Sunday, May 3, 2015

1 (2015-2016): Review of THE TWO GENTLEMEN OF VERONA (seen May 1, 2015)

"Shakespeare without Tears"
Stars range from 5-1.


Since the theatre season can roughly be considered to run from May through April, it’s a pleasure to report that my first review of the 2015-2016 season is of the Fiasco Theater’s sweetly charming revival of THE TWO GENTLEMEN OF VERONA (possibly Shakespeare’s first play), at Theatre for a New Audience’s Polonsky Shakespeare Center in downtown Brooklyn. The production, co-directed by Jessie Austrian and Ben Steinfeld, which premiered last year at Washington, D.C.’s Folger Theatre, is in the spirit of those bare-boned interpretations of Shakespeare (like the Peter Sarsgaard HAMLET now at the CSC) in which a minimal number of actors (six in this instance) play all the roles, only the most essential props are employed, the actors wear some familiar version of modern clothing, and a simplified unit setting is used. In the case of Fiasco, you can add the casting of actors who can also play musical instruments and sing.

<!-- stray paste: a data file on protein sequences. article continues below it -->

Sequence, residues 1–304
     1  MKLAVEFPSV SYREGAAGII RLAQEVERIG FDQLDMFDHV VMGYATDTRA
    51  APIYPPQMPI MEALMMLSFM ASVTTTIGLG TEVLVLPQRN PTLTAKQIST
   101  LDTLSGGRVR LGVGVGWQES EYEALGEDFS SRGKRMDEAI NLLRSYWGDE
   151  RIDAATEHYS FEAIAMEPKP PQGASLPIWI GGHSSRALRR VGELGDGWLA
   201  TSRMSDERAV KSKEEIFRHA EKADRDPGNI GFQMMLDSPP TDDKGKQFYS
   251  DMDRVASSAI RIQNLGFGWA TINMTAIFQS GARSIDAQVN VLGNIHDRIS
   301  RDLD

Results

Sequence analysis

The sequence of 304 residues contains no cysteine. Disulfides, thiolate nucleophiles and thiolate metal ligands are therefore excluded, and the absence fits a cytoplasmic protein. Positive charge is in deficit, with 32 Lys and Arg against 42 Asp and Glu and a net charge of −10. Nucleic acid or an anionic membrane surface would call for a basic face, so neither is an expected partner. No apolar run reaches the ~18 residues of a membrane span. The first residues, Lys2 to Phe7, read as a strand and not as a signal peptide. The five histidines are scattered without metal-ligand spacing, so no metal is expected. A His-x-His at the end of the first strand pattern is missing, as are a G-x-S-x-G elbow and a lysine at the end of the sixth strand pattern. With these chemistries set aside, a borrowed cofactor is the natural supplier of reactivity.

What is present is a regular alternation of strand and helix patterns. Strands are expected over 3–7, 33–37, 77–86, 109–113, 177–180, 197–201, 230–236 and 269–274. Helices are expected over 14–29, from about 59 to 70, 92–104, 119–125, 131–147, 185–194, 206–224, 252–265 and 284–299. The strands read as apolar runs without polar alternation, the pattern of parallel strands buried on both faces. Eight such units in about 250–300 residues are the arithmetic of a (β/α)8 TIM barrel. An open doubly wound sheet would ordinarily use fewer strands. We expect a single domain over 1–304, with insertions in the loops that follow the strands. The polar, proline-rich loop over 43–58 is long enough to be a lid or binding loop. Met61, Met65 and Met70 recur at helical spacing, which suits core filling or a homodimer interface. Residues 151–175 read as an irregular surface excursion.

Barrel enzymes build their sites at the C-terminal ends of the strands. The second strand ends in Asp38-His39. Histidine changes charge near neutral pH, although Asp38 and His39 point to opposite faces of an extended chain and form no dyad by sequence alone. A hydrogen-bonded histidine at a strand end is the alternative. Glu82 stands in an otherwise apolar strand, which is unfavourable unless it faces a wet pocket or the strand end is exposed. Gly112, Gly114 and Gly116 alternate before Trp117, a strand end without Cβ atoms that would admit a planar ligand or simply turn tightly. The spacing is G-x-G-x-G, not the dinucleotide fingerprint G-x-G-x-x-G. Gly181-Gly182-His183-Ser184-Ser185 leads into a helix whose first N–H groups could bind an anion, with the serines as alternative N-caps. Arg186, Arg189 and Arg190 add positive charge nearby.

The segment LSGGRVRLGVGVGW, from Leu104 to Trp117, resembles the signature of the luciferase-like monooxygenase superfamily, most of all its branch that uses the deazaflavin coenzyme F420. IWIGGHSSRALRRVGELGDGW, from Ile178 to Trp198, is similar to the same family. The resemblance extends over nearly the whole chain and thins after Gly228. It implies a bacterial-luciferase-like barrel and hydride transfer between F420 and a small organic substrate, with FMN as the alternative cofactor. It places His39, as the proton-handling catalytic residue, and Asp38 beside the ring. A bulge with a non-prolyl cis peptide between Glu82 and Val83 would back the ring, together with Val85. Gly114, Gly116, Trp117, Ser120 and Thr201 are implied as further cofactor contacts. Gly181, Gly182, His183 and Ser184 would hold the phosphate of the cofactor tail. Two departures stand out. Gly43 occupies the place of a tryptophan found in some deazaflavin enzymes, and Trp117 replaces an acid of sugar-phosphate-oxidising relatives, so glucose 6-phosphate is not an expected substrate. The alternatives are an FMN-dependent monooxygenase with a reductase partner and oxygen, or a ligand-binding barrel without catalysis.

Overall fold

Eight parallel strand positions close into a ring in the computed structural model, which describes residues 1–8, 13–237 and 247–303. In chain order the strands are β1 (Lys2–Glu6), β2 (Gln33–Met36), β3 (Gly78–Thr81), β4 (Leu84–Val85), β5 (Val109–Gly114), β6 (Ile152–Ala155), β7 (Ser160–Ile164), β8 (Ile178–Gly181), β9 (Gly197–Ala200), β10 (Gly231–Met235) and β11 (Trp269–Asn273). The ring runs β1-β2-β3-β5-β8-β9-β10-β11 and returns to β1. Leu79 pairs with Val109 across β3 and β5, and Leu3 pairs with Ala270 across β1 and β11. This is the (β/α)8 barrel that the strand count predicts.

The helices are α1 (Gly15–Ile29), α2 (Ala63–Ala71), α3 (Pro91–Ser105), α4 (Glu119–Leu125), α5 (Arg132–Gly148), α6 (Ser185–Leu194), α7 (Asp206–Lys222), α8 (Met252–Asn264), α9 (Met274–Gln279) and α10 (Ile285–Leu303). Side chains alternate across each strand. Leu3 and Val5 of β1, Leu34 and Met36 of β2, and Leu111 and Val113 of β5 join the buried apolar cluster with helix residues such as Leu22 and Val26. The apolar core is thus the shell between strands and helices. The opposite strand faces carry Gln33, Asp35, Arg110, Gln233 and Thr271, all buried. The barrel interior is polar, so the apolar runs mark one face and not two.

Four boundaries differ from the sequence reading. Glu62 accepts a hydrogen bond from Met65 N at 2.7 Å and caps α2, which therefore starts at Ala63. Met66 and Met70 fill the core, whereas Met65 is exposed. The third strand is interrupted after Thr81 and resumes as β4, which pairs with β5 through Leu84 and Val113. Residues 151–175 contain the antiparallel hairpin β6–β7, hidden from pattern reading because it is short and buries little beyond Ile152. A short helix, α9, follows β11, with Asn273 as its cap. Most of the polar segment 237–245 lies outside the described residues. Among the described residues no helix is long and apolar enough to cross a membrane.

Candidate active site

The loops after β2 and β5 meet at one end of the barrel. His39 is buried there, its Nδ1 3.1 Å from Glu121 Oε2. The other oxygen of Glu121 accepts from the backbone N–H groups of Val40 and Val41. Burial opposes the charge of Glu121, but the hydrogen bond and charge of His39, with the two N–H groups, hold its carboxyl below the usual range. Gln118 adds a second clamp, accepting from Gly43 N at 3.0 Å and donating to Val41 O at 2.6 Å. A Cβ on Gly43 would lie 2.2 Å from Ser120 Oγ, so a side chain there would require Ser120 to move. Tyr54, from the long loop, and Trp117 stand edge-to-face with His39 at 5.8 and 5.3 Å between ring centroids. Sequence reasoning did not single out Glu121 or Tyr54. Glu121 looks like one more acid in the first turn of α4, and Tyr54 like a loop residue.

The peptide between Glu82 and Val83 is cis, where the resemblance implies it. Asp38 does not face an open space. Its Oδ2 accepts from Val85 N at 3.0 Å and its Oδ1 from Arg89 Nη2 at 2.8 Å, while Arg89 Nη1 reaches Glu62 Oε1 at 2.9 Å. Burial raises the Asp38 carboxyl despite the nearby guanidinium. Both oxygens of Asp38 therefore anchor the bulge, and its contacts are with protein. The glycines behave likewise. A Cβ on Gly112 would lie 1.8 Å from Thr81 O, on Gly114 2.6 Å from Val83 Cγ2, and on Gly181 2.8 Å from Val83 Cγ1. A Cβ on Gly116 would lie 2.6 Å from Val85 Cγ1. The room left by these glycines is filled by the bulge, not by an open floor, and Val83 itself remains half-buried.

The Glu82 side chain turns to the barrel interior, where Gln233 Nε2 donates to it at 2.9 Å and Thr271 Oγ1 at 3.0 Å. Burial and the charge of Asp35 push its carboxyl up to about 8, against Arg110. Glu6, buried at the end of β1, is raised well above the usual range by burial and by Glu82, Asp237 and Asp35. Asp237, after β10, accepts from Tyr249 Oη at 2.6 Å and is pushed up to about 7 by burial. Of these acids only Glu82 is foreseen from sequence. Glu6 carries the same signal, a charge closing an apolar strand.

From left: Zachary Fine, Noah Brody. Photo: Gerry Goodstein.
A few characters have been clipped in Fiasco’s trimmed-down, briskly paced, two hour and five minute version of this shaky comedy about the permutations of love and friendship. Ms. Austrian plays Julia and Emily Young is Lucetta, her waiting woman. Julia and one of the title’s two gents, Proteus (Noah Brody), are in love. Proteus has a clownish servant (one of Shakespeare's best) named Launce (Andy Grotelueschen), much of whose business is taken up with his dog, Crab. Usually embodied by a real canine, Crab is here played—with a black, clown nose—by Zachary Fine, who also performs Proteus’s best friend, Valentine (Zachary Fine), the other Veronese gentleman.
From left: Emily Young, Jennie Austrian. Photo: Gerry Goodstein.